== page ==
With the information learned the results showed that the owner of the land listed had large animals (oxen and horses) that typically could pull or drag stones from the land to another location. Also the agricultural census years showed that, the owners amount of land considered “improved land” increased along with the amount of crops produced. For this to occur the client’s hypothesis is that the same acreage was cleared, along with the stones from the land to make it tillable for crops. At the time those rocks were placed at the property line between two farms. The information gathered does not provide full proof that the owner of the land (at the time) constructed the wall but it does provide “indirect evidence” of the possibility for this to occur with the resources available. The information found in the Agricultural Census provides “direct evidence” that the owner was a farmer on the land for the dates shown on the plat map and other correlated register of deeds information collected previously.
When other information about farming practices, date and time are considered for a working farm, the agricultural census can help to construct an explanation for how farms and the land changed since our ancestor’s lived there.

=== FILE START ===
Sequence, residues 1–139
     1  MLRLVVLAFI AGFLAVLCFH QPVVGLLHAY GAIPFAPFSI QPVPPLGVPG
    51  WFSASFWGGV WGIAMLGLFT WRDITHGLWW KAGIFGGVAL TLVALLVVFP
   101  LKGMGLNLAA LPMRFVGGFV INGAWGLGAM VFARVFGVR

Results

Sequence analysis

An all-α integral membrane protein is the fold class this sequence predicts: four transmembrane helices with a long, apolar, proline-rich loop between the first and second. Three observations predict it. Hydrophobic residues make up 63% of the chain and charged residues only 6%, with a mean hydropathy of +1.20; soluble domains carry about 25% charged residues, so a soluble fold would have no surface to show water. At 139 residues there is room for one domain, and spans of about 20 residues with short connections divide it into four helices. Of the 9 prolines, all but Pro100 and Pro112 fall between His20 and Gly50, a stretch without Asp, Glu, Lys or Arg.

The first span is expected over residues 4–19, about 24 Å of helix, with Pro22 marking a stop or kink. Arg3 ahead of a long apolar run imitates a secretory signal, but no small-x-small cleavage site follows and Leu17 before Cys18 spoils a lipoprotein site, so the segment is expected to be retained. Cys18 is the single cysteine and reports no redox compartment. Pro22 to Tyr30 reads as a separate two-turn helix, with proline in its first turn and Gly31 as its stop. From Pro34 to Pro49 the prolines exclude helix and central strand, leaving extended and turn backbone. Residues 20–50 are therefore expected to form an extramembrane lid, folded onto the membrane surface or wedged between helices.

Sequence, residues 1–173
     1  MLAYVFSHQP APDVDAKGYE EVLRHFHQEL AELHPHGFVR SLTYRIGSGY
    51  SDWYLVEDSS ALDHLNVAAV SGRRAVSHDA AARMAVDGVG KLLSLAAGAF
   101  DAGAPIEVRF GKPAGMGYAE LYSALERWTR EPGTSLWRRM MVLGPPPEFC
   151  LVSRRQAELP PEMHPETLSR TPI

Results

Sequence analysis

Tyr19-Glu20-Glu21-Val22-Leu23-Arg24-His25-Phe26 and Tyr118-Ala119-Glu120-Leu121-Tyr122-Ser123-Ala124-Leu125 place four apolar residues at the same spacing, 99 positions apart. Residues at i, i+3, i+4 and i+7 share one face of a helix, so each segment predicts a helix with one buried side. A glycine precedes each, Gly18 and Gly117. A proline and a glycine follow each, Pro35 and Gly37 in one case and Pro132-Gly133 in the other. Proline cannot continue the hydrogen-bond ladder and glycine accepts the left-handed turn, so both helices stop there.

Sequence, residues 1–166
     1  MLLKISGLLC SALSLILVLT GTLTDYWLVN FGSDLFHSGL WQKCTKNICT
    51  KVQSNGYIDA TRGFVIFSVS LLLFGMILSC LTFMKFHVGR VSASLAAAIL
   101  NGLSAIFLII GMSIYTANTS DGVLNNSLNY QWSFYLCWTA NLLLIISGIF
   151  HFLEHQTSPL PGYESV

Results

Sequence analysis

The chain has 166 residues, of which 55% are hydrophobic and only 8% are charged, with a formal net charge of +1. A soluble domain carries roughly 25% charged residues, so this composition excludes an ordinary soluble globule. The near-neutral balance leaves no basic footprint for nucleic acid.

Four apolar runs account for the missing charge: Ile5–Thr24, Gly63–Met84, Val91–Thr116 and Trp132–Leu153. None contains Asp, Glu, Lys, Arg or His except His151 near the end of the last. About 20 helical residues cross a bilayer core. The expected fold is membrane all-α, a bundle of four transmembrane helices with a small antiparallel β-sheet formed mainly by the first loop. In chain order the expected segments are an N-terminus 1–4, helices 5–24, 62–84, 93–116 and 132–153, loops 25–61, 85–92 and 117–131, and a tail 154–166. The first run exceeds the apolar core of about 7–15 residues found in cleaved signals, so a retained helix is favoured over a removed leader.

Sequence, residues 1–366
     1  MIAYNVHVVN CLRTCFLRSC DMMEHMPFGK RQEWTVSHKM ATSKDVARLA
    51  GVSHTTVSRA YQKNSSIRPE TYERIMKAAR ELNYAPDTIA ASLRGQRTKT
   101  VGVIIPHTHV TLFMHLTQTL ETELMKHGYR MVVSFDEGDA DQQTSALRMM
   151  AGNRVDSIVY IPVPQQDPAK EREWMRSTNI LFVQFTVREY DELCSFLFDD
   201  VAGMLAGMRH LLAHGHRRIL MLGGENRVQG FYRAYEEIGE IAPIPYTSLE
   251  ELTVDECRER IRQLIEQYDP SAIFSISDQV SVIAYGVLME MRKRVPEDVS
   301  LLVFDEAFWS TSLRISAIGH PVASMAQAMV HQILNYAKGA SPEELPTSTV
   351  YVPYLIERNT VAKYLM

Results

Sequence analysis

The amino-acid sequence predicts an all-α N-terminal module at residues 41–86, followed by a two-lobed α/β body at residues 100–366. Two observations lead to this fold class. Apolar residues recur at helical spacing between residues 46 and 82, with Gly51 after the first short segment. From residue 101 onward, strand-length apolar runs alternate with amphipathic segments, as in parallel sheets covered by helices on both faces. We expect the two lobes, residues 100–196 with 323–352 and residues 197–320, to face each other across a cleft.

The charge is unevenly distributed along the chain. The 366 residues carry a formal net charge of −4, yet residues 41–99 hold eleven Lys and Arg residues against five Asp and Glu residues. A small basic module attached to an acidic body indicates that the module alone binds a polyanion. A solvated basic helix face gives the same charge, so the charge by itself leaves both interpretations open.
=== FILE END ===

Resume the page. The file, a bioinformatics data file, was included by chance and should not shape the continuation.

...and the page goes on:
Enjoy your own discoveries.
U.S., Selected Federal Census Non-Population Agricultural Schedules, 1850-1880

History of President’s Day


Excerpt from – The Editors of Encyclopaedia Britannica

The origin of Presidents’ Day lies in the 1880s, when the birthday of Washington—commander of the Continental Army during the American Revolution and the first president of the United States—was first celebrated as a federal holiday. In 1968 Congress passed the Uniform Monday Holiday Bill, which moved a number of federal holidays to Mondays. The change was designed to schedule certain holidays so that workers had a number of long weekends throughout the year, but it has been opposed by those who believe that those holidays should be celebrated on the dates they actually commemorate. During debate on the bill, it was proposed that Washington’s Birthday be renamed Presidents’ Day to honour the birthdays of both Washington (February 22) and Lincoln (February 12); although Lincoln’s birthday was celebrated in many states, it was never an official federal holiday. Following much discussion, Congress rejected the name change. After the bill went into effect in 1971, however, Presidents’ Day became the commonly accepted name, due in part to retailers’ use of that name to promote sales and the holiday’s proximity to Lincoln’s birthday.

History of President’s Day